How Many Types Of Healthy Boundaries Are You Using In Life? Did You Know There Are 7 Types Of Boundaries?

How many types of healthy boundaries are you using in life?

Did you know there are Seven types of Boundaries? I didn’t.

  1. Physical boundaries: Comfort with people touching you, being in or sharing your personal space as well as your physical needs to eat, sleep or rest and drink.
  2. Emotional boundaries: Personal emotional needs, such as sharing feelings, picking up on your energy and sharing private details about your life.
  3. Time boundaries: Prioritizing your time. The need for others to understand your personal time restraints and respect your use of time.
  4. Sexual boundaries: Boundaries regarding personal consent, desire and privacy.
  5. Intellectual boundaries: The way others accept and authenticate your thoughts, ideas and curiosities.
  6. Material boundaries: Think personal belongings and property, the things you own.
  7. Communication Boundaries: The way you communicate with people or don’t. Included here is phone, email, text, messaging, social media, talking, writing, and audio. Includes the amount of time you spend in social media apps, phone calls, emailing and texting.

Now that you know more about your options, how are you doing with these boundaries?

Boundaries are an important part of having balanced mental health. They are important because you have boundaries and when people cross over them, you have feelings about that. You might not notice those feelings; you could be a professional stuffer of your feelings. In that case, it would be good for you to just start to notice that you have feelings about things when people ask you to do stuff you don’t want to do.

For other people they are very aware of their boundaries and their boundaries get all over everyone. There is a line between self-care and controlling others.

Here is an example of a situation with boundaries.
I have an autoimmune disorder and I have foods that work well with my body and foods that don’t. It is not life threatening, so I can be around all foods, I just need to choose ones that work best for me. My healthy boundary is that I don’t eat the foods that don’t work well for me. As we are going to holiday parties right now, my boundary with food means I will need to bring my own food, so I have something to eat.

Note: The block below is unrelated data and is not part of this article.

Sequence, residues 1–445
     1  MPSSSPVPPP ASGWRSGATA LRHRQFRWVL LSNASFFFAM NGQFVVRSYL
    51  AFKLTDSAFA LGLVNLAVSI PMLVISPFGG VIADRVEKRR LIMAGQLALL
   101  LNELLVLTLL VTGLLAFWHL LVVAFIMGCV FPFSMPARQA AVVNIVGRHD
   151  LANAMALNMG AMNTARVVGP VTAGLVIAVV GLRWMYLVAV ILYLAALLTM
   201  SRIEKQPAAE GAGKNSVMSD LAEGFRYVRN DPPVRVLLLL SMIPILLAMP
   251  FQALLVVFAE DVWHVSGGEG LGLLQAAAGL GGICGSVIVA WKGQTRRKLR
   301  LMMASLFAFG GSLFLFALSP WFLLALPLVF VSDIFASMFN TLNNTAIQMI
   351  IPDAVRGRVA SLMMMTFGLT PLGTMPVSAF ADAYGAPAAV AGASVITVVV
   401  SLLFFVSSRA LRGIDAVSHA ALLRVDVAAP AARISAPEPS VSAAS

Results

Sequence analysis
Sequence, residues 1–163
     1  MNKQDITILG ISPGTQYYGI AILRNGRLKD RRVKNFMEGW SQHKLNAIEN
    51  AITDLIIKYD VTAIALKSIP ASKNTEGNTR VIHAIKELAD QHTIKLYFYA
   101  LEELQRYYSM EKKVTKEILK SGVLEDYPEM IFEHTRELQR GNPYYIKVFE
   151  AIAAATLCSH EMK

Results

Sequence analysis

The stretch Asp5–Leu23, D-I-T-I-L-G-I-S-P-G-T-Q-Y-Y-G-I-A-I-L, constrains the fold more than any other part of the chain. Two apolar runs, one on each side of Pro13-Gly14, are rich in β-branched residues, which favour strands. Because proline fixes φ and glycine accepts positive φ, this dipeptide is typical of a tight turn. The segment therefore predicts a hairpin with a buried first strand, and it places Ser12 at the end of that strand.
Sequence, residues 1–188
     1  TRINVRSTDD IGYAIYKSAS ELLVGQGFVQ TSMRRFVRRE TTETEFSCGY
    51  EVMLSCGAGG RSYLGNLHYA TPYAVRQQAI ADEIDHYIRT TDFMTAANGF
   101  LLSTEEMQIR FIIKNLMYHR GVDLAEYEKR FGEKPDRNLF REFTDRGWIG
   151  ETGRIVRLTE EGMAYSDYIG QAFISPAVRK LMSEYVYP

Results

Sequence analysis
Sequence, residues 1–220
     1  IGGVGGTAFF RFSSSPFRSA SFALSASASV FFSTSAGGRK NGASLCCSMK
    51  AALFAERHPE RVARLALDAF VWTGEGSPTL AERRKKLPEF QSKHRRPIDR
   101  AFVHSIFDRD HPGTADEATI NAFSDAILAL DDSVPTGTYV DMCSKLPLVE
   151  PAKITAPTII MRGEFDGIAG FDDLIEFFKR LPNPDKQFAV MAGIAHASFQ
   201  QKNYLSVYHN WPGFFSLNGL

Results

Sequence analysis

It is NOT the hosts or anyone else’s job to have the foods I need. I am working hard to not ask people to modify recipes for me or buy special foods. The foods I bring to share are items I can completely have and enjoy.

I know that there will be some people at these events that will ask lots of questions, make judgements about my choices, and encourage me to just, “try this, it’s not going to kill you and I made it.” I will deal with each situation as it arrives and know that each person is doing their best with their boundaries and feelings. And I know that if anyone threatens my well-being or makes me feel unsafe, I can leave at any time, without even telling people. I have a good friend who does this, and he taught me that it works out just fine.

There are at least seven boundaries, and you have rules around each of them. Start to learn your rules and start to notice and respect other peoples. It might change and improve your engagement with others.

Remember what Brene Brown says, “Clear is kind, Unclear is unkind.” Be clear with people and they can be clear with you.

How do you tell people “no” or set a boundary? Start by honoring other people’s boundaries if they set them with you.

Setting a boundary:

  1. Don’t over think it
  2. Make it about you and your why
  3. Be open to listening to their feelings around your boundary, and stick with your boundary
  4. If this is a temporary boundary and it might change in the years to come, let them know that


“Thank you for the invitation to your party, it sounds like you have done a lot of planning. I am honored to be invited. This year I am not going to be able to attend.”

If they ask more questions, add a boundary. “I am not comfortable getting into all the details with you. I am working through it, and I need some time. Thank you for honoring where I am at right now.”

If they take the whole thing personally and come out attacking this is an additional option. “I can see that your feelings have been hurt and that was never the point, I am sorry you feel that way and I hear you. I am not going to be changing my mind right now. Please stop all of the questions and love me right where I am at. Thank you.”

Enjoy the people closest to you and know that it is ok to have boundaries and those boundaries will change and evolve, just like you.


JoyGenea Schumer
Business Owner, International Neurodiversity Coach, and Speaker

Leave a Reply